"My first AMS-MAA meeting was the one held in Washington, DC in January 1961. I had just picked up my degree from the University of Michigan at its mid-year commencement and I wanted to find out just what these meetings that many Michigan professors had talked so much about were like" Rogers J. Newman, AMS 100th Annual Meeting; Cincinnati, OH; January, 1994.
Rogers Joseph Newman was born in Ramar, Alabama near Montgomery, AL on December 22 as the only child of Jonathan Newman, a farmer and insurance agent and Vera Primos Newman, a school principal. Later in life when Rogers married his significant other, Dorothy Alice Willis Newman, their union also produced no daughters. However, it did produce three sons; the late Rogers Joseph Newman, Jr.; Roy Oliver Newman and Robert Marion Newman. Rogers received his high school diploma from Alabama State College Laboratory School. He enrolled in Morehouse College in Atlanta, Georgia in 1944 and earned and A.B. Degree in Mathematics from that institution in 1948 One of his graduating classmates was Dr. Martin Luther King, Jr. Immediately following graduation, he matriculated at Atlanta University (now Clark Atlanta University) Where he earned the M.A. degree in mathematics in 1949.
Rogers began his illustrious teacher career at Bishop college in Marshall, Texas (1949-50). He taught at Grambling College, Grambling LA (1950-51); at Jackson State College, Jackson, MS (1951-53); and at Southern University in Baton Rouge, LA (1953-55).
After the 1954-55 academic year, Rogers actively pursued a Ph.D. in mathematics at the University of Michigan in Ann Arbor, with duties as a teaching fellow during the 1957-58 academic year and as a junior instructor in (1958-60), while also doing limited teaching at Eastern Michigan University (1958-59). In the fall of 1960, Rogers returned to Southern University as a full time faculty member. In January 1961, he received his Ph.D. in Mathematics from the University of Michigan in Complex Variables, Dissertation Topic: Capacity and Tchebycheff Polynomials. In the Fall of 1961, he was appointed chair of the department of Mathematics at Southern University, a position held until Spring 1973. The Department flourished under his leadership.
In addition to college/university teaching, Rogers was Director of the Institute for Higher Education Opportunity - Southern Regional Education Board (SREB) in Atlanta , GA (1973-73) and Dean of the College of Science and Humanities at Alabama State University in Montgomery, AL (1974-76). Rogers also taught at Tulane University (Summer, 1965), Tuskegee Institute (Summer, 1969) and he was the Commonwealth Visiting Professor at Longwood College in Farmville, VA (1984-86). He returned to Southern University in Baton Rough, LA in the fall of 1986 and he remain there through the present.
During his more that 40 years of tenure as a mathematician and educator, Rogers has taught and influence scored of established mathematicians. His list of students who have earned doctorates include Stella Ashford, Juanita Bates, Roosevelt Calbert, Preston Dinkins and Delores Spikes. In addition to his contributions to teaching (selected Danforth Teacher in 1955 and University Teacher of the Year in 1981) he has been productive as a scholar with several written works and a number of scholarly presentations. His scholarly pursuits led him to further formal studies beyond the Ph.D. degree. Rogers did further study at Imperial College, University of London; London, England (1970-71) and Louisiana State University (Summer 1970, 1971).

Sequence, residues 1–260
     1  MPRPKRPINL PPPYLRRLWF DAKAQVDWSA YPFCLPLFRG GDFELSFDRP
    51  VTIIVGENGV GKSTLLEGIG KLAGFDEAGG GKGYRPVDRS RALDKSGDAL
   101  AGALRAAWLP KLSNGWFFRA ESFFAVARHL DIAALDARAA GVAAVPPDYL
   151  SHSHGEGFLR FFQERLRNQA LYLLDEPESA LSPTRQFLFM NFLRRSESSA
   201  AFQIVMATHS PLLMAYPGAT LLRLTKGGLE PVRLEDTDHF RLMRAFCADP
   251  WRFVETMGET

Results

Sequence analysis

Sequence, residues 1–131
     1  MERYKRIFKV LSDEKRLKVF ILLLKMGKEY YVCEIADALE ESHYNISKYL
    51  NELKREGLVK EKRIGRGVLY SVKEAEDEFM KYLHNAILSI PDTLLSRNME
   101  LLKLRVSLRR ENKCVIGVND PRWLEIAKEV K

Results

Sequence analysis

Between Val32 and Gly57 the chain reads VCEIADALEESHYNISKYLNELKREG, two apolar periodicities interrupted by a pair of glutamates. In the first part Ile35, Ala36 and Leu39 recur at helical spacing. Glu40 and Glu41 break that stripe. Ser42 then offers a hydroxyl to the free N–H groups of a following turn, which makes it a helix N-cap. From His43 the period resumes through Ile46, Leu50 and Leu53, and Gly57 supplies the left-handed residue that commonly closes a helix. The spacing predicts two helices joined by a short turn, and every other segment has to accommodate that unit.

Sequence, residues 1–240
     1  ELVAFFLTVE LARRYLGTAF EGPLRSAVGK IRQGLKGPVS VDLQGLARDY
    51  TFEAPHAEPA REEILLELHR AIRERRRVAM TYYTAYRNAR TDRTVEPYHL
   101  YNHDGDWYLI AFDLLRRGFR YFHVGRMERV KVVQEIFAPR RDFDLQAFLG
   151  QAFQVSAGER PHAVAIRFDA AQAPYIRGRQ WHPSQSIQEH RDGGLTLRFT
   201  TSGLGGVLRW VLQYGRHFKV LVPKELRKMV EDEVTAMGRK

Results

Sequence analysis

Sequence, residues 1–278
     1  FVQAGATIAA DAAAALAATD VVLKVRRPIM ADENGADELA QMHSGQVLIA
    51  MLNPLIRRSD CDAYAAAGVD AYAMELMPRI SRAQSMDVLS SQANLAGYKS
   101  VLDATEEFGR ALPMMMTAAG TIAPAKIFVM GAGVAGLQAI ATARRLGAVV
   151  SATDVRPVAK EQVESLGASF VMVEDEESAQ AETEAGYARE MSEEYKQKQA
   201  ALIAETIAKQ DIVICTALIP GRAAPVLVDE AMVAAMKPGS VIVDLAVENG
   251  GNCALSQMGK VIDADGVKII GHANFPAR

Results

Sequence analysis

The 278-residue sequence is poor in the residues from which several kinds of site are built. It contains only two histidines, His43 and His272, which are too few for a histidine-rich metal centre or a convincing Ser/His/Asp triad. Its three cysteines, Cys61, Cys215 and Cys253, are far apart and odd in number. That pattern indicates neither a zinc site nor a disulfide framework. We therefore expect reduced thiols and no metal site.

During his professional career, he had been active with several professional organizations: The National Association of Mathematicians (NAM) - President, 1984-1994; The Mathematical Association of America (MAA) Bd of Gov., (1986-89); Task Force on Minorities (1986-Present), Chair of Committee to evaluate NAM and Task Force on Remediation; The American Mathematical Society (AMS) and Pi Mu Epsilon honorary Mathematical Society. Moreover, he has been a reader for National Science Foundation (NSF) and a reviewer for Mathematical Reviews. He has been an invited lecturer/consultant by several institutions, including Wabash College, VA State University and Winston-Salem State University. He gave the first Scholarly presentation at a NAM meeting in 1972.
For his many services and outstanding contributions, he has received several recognition's including the NAM Distinguished Service Award (1994), he was on of the few person selected to make a special presentation (which was published at AMS 100th Annual Meeting (1994)), and he is included as an exhibit among the outstanding African American Mathematicians i the Museum of Science, Chicago, IL (1996). Rogers continues to impact the Mathematical Sciences Community with his continuous professional involvement.[Johnny L. Houston, Executive Secretary of NAM]
This biography first appeared in the NAM Newsletter, Fall Issue, 1996, p.6.